When a 4-year-old girl with motor disabilities was unable to attend her therapy session at the Mackay site due to COVID-19 restrictions, two therapists from our CIUSSS came up with an imaginative solution.
Physiotherapist Sara Wight and Speech-Language Pathologist Alexie Gendron held a “virtual” therapy session with the little girl instead. They set up Skype on an iPad in the Mackay physiotherapy gym, while the girl and her mother followed the 45-minute session at home.
The remote therapy appointment was an example of how staff from our CIUSSS are showing creativity and commitment in the face of COVID-19. Even under difficult circumstances, their dedication ensured they continue to deliver services to those in need.
“We know that our kids and families work so hard to put into place the things we ask of them, so we want to make sure they feel supported,” says Ms. Wight, a 0-7 Children Program Physiotherapist at the
Lethbridge-Layton-Mackay Rehabilitation Centre (LLMRC). “If we can provide comfort and continuity to them, that’s really important.”
Ms. Wight and Ms. Gendron thought up the idea of the Skype session after COVID-19 concerns led to the suspension of direct services, meaning that clients could not come in for hands-on therapy. The two wanted to try to continue therapy for the little girl, one of their regular clients, and came up with the idea of a “remote” session in a matter of days, working in co-operation with the girl’s family.
While the girl and her mother followed them through Skype at home, the two led therapy exercises through a series of games: They staged a make-believe tea party, sang Head, Shoulders, Knees and Toes, and played Hide and Seek. The girl did the same exercises at home. To get into the spirit, Ms. Gendron wore a princess costume and Ms. Wight donned angel wings and a masquerade ball mask over her eyes.
“This isn’t an easy time for anyone,” Ms. Gendron, who also works in the 0-7 Children Program at Lethbridge-Layton-Mackay. “We wanted to try to find ways to support the family as best we could.”
The innovative therapy session was just one way that staff in the Rehabilitation Directorate has pulled together to confront the enormous challenge posed by the COVID-19 pandemic. Others are doing their part as well, volunteering to work away from their regular sites to fill in where needs are greatest.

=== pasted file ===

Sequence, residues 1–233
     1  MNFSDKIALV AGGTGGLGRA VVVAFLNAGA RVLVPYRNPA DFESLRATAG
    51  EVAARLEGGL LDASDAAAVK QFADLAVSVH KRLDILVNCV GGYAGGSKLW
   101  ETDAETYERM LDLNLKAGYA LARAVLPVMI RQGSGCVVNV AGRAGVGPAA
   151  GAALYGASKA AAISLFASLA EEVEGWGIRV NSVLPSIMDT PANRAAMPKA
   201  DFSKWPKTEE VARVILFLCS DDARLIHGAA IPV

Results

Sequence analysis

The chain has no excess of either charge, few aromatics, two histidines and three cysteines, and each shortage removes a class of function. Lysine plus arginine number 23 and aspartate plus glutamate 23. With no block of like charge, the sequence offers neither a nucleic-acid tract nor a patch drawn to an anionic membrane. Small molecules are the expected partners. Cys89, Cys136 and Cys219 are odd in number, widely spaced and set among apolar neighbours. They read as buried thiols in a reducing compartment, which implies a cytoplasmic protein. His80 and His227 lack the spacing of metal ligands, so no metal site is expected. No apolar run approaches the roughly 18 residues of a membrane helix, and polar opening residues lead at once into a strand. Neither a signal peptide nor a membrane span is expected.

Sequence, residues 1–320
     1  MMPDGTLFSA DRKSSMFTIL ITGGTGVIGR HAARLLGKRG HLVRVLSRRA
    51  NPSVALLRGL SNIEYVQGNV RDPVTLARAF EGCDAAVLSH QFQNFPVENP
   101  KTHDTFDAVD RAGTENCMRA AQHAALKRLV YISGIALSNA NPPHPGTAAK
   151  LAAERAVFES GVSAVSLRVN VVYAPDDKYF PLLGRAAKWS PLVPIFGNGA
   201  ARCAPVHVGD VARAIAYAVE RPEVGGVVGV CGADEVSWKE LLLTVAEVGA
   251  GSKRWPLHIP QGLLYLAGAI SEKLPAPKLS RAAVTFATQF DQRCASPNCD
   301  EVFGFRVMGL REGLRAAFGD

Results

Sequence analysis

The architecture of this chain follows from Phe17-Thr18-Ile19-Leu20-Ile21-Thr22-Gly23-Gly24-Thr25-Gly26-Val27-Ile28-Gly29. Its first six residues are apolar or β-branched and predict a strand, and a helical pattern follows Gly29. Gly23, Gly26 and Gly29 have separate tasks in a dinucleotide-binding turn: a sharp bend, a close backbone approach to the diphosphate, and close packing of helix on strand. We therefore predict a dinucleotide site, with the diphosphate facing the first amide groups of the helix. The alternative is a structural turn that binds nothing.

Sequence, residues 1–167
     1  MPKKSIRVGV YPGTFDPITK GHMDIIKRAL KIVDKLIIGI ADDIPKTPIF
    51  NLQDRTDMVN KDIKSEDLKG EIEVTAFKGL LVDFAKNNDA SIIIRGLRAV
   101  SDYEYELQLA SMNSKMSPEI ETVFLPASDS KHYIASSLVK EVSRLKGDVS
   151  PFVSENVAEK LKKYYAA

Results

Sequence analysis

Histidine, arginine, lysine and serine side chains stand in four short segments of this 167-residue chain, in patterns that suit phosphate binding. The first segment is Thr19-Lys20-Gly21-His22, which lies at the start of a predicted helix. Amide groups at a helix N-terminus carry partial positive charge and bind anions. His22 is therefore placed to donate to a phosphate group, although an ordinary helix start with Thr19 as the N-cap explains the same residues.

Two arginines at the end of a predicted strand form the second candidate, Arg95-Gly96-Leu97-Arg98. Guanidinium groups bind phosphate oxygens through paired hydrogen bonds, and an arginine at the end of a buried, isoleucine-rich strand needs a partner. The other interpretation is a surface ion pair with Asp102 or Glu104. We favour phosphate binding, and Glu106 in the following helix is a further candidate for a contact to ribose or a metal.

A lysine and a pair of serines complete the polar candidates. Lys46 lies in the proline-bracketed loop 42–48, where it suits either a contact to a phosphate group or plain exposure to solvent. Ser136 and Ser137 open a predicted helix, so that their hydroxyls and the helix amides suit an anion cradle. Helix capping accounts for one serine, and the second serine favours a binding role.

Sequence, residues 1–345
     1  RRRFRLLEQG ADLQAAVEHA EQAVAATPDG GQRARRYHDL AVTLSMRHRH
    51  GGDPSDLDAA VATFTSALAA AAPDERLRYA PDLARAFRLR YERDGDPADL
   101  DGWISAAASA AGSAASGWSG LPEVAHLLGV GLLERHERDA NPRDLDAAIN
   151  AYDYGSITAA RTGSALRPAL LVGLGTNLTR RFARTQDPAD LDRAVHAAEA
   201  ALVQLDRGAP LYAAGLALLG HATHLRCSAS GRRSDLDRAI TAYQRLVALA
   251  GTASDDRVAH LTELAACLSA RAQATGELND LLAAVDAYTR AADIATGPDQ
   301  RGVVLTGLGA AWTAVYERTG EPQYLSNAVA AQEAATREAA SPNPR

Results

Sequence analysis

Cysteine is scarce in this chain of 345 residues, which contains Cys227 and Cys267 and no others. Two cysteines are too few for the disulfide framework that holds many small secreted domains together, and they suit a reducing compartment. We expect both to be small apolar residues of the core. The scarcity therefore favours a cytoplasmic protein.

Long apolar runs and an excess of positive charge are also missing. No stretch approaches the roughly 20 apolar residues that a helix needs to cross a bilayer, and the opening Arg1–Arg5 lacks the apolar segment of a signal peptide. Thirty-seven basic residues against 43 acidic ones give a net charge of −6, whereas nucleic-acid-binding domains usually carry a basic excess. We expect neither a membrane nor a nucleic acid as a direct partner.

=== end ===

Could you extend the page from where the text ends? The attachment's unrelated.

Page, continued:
Some nurses and orderlies who normally work in LLMRC’s Rehabilitation Program in Specialized Schools – which are closed during the coronavirus outbreak — offered to be reassigned elsewhere. Occupational therapists and physiotherapists from the Constance-Lethbridge site came forward to work at the Catherine Booth and Richardson Hospitals.
The solidarity and team spirit were praised by Geneviève Chabot, Associate Director of Rehabilitation.
“Their tireless commitment and will to do more are the fundamental reasons why we work in the health and social services network,” she says.
“Ultimately, we’re helping assure the best quality of services to our population during this exceptional period.”
The therapists’ move was praised by managers as an example of “thinking outside the box” as the healthcare network is forced to adjust during the pandemic.
“Despite all the uncertainty, employees have shown a lot of resilience,” says Katerine Tremblay, Program Manager for the 0-7 Children Program at Lethbridge-Layton-Mackay. “They’ve made adjustments and brought a lot of innovative ideas to their jobs. And they’re putting a lot of energy into supporting families.”
From a 4-year-old girl drinking make-believe tea, to countless clients across our CIUSSS sites, that commitment has made a difference.